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Danger Money:
In Dhi Qar, Anti-Govt Protests Offer Economic Opportunity

Murtada al-Houdoud
Despite the danger, demonstrations in Nasiriyah have given rise to creativity and entrepreneurship as well as a sense of economic equality.
20.11.2019  |  Dhi Qar

Nasiriyah local, Abbas Ali Hamza, is just 16 years old and because his father is ill and his sisters unemployed, he is the bread winner for his family of five. Up until recently he made money by selling packets of tissues on the city’s roads, roaming lines of traffic, hawking his goods to drivers on the go.

That’s why when anti-government protests began in his town, he decided to take part. He knows what it’s like to be poor, unemployed and hungry. At first he dodged bullets and inhaled tear gas like all the other young protesters in the city. But now he has found a way to make a new living in Habboubi Square, the central site where demonstrators have set up base. And he has been here since October 25, first as a protestor and now as an entrepreneur supporting the protests.

Every day, the old man buys a handful of Iraqi flags and gives themto the protesters, in order to support the young traders. 

Despite the dangers in even being here, Hamza has started selling Iraqi flags and scarves and hats bearing the flag’s colours. He has settled his stock in one of the corners of the square although when things get dangerous, he takes all his goods and hides them in one of the shops adjoining the square. While in the square, he says he gets his meals free of charge as part of the donations other Iraqis are making to the protesters.

The protests have given him two things, Hamza told NIQASH – a sense of hope and a new way of supporting his family. And he is the not the only vendor who feels this way. Previously Iraqi flags were only sold on special occasions – now they are in demand continuously.

“These flags don’t cost a  lot of money and I have noticed so many shops now have them all the time,” commented Maytham Jabbar, who was standing in front of Hamza’s stand with his two daughters. “Carrying an Iraqi flag is a rejection of sectarianism and a way to express your sense of belonging to the nation.”



There have been other business opportunities too. Some of the young people here have specialized in face painting and others have been taken to photography. Local printing presses have been kept busy producing posters, cartoons and printed T-shirts. That includes the large posters which memorialise the demonstrators who were killed while taking part in the protests.

The demonstrations have had the unexpected effect of allowing locals the opportunity to become more creative and enterprising, and in some cases, to make money out of that, explains Alaa al-Taei, a local economist. Besides the artworks, the young protesters have mobilized to do things like clean up the streets and renovate surrounding infrastructure, he added.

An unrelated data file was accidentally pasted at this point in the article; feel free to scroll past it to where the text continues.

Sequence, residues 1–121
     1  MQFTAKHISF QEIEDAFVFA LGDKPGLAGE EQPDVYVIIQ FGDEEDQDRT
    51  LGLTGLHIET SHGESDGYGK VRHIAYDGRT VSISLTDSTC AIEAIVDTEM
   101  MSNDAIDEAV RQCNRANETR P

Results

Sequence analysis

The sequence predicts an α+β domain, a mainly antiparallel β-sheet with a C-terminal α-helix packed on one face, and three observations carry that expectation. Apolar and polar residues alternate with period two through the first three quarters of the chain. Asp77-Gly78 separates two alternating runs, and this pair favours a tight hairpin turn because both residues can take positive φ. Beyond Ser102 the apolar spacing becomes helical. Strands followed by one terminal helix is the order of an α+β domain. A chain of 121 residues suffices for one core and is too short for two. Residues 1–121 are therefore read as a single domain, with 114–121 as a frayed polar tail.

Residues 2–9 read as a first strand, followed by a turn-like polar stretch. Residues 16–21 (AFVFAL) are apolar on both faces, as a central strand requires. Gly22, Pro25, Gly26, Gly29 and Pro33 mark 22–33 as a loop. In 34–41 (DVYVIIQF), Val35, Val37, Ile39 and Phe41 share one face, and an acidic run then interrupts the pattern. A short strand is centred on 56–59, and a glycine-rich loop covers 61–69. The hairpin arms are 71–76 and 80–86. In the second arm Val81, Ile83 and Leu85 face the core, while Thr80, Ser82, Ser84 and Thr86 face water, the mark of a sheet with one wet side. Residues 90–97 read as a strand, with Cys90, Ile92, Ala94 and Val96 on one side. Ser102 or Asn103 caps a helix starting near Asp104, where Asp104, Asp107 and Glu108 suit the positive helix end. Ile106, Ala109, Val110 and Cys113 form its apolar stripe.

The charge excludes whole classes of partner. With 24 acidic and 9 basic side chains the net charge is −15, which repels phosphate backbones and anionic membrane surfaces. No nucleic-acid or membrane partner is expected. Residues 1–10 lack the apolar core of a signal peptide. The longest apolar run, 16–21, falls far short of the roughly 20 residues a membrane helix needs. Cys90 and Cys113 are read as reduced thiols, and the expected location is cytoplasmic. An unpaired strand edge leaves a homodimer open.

There has been a positive economic impact, he continued, pointing out that small businesses like Hamza’s have started just to cater to the demonstrators – these sell meals, cooking gas and printing supplies. On the other hand, there’s also been a negative impact on sectors that sell electrical and household appliances and real estate, al-Taei noted. 

The latest statistics suggest that there are more than 150,000 unemployed people in the province and that Dhi Qar has one of the highest rates of poverty in the country.

Now, coming past Hamza’s flag stand is Yasmin, a 10-year-old girl. Her father is carrying her on his shoulders and she has an Iraqi flag drawn on her cheek. She wears a scarf in the Iraqi flag’s colours wrapped around her neck and proudly tells NIQASH that she bought the scarf herself, for IQD3,000 (around US$2.50) using pocket money she had saved.

On the other side of Hamza’s stand, is Yaqni Babi Ahmad, a local in his 60s. Every day, he says, he buys a handful of Iraqi flags and gives them free to the protesters. He says he likes to support Hamza and the other traders here.



As for Hamza, he dreams of perhaps expanding his business beyond the two meter corner he currently occupies. “I would like to sell the fireworks that people set off at night here,” he enthuses. “Also the masks that young people are using when they dance or when they put on small pieces of theatre to comment on the lack of state services and our poor situation here.”

The one thing Hamza doesn’t want to do is return to selling tissues on the street. He’s enjoying this newfound camaraderie and his entrepreneurial skills. Most of all, he is afraid that the demonstrations will end, without having achieved what he and his fellow protesters set out to do.